Antibiotic use leads to woman's black hairy tongue

By Melissa Busch, DrBicuspid.com associate editor

May 11, 2022 -- A 69-year-old woman developed black hairy tongue (BHT) after taking an antibiotic commonly prescribed to treat bacterial infections, according to a recent case report published in the American Journal of Case Reports.

Several types of antibiotics, including penicillin and cephalosporin, are linked to this unusual benign condition, which presents as a superficial black, hairy, carpetlike lingual growth. However, this incident is believed to be the first reported case of moxifloxacin-induced BHT, the authors wrote.

"Clinicians should be aware of agents or lifestyles that may cause BHT, and it is essential to counsel on the possibility of developing BHT before starting treatment to avoid patient anxiety or premature treatment cessation," wrote the authors, led by Dr. Mikiro Kato of the department of infectious diseases at the University of Tsukuba Hospital in Japan (Am J Case Rep, April 25, 2022, Vol. 23:e936235).

69-year-old woman with a discolored tongue

After developing a brown discoloration on her tongue, the patient visited the clinic. She was taking an oral steroid daily for her mixed connective tissue disease, and she also had high blood pressure, high cholesterol, diabetes, and osteoporosis, according to the report.

A 69-year-old woman developed a brown discoloration with carpetlike elongated filiform papillae after taking moxifloxacin
A 69-year-old woman developed a brown discoloration with carpetlike elongated filiform papillae after taking moxifloxacin. Image courtesy of Kato et al. Licensed by CC BY 4.0.

Approximately three months prior to her visit to the clinic, the woman underwent debridement and reconstructive surgery for right index and middle finger flexor tenosynovitis. The procedure was complicated by osteomyelitis caused by Mycobacterium chelonae, the authors of the case report wrote.

For six weeks, she was treated with intravenous tobramycin and imipenem and oral clarithromycin. Then, her antibiotic regimen was switched to oral moxifloxacin and clarithromycin.

Within 10 days after the switch, the woman noticed changes in the color of her tongue. When she went to the clinic, she had no fever or any other symptoms. She denied any medication changes, use of herbal or Chinese medicines, smoking, or alcohol. Also, the patient reported she had not used any tongue scrapers, cleaners, or mouthwashes, according to the report.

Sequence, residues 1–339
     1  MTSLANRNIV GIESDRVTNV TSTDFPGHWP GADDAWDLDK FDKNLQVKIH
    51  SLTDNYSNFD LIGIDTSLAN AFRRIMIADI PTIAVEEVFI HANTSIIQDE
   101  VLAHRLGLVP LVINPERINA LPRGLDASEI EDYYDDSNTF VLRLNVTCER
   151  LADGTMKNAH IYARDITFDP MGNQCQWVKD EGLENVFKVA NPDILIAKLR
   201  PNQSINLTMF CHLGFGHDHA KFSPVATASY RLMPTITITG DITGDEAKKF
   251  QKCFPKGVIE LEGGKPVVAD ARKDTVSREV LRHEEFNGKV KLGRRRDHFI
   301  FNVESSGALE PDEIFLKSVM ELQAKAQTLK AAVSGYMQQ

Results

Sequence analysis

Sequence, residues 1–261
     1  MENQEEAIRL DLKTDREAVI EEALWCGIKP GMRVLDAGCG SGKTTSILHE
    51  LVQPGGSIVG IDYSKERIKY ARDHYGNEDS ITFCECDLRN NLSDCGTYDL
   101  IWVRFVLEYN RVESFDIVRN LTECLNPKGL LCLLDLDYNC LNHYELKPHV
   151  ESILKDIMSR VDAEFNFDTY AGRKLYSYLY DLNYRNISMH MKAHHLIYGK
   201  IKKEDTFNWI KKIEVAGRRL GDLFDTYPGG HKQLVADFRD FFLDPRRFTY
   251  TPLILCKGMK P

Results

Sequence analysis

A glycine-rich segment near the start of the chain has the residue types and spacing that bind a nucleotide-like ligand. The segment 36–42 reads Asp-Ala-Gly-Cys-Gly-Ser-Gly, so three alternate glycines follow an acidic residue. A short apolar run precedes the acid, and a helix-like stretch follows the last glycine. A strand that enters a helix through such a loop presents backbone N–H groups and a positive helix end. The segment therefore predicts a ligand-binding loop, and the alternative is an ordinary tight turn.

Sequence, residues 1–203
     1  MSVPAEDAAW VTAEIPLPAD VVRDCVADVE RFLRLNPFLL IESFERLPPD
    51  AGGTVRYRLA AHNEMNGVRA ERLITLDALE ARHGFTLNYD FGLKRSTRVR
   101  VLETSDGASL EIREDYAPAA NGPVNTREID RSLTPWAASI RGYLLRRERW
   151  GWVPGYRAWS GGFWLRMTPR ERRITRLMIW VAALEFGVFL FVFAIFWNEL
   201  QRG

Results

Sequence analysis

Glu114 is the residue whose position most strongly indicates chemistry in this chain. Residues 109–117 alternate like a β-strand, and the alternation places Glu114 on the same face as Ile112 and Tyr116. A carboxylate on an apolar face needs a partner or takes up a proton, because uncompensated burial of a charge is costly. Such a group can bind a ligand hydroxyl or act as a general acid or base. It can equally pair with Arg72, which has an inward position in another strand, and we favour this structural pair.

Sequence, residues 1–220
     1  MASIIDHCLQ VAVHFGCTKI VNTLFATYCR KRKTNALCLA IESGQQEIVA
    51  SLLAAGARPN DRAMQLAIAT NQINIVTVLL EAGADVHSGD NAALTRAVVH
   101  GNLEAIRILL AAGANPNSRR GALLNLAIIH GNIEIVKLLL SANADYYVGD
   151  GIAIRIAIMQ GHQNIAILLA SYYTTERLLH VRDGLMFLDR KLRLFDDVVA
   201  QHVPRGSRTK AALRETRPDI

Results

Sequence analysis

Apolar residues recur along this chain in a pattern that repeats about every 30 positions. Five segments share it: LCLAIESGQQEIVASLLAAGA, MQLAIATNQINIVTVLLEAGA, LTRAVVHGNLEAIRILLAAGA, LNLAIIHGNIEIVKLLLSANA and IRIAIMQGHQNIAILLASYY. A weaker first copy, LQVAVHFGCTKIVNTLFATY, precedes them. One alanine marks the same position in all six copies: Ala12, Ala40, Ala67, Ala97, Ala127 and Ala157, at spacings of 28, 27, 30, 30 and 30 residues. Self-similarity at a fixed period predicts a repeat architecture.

Further examination revealed that her vital signs were normal. An oral exam showed that her mucosa was dry, and there was brown discoloration on the dorsum of her tongue, with carpetlike elongated filiform lingual papillae. However, the woman didn't have caries, bad breath, bleeding, discharge, or exudates.

Due to her not having significant symptoms, a tongue swab culture wasn't performed, they wrote. The clinician gave her a tentative diagnosis of stained tongue due to food or BHT from antibiotics. For two weeks, the woman was observed with daily oral hygiene and tongue scraping. However, her discoloration and elongated filiform lingual papillae didn't improve.

The patient did not want to continue taking the antibiotics. Due to the lower susceptibility of moxifloxacin for isolated Mycobacterium chelonae, the use of that antibiotic was discontinued, and she continued to take clarithromycin. Within two days of her discontinuing the moxifloxacin, her tongue improved to normal, the authors wrote.

Rare condition with an unclear origin

The prevalence of BHT ranges from 0.6% to 11.3% depending on factors such as age, sex, and ethnicity. The etiology of BHT remains unclear, although it is believed to be likely multifactorial.

Possible contributing extrinsic factors can include heavy use of tobacco or alcohol, and possible intrinsic factors can include poor oral hygiene, HIV, or trigeminal neuralgia. Additionally, dry mouth can be a risk factor, according to the report.

To avoid patient anxiety and unexpected treatment changes, patients should be counseled about the possible development of BHT associated with certain medications and lifestyle factors, the authors wrote.

"Clinicians should be vigilant against agents and lifestyles that can precipitate BHT, especially moxifloxacin," Suzuki and colleagues wrote.


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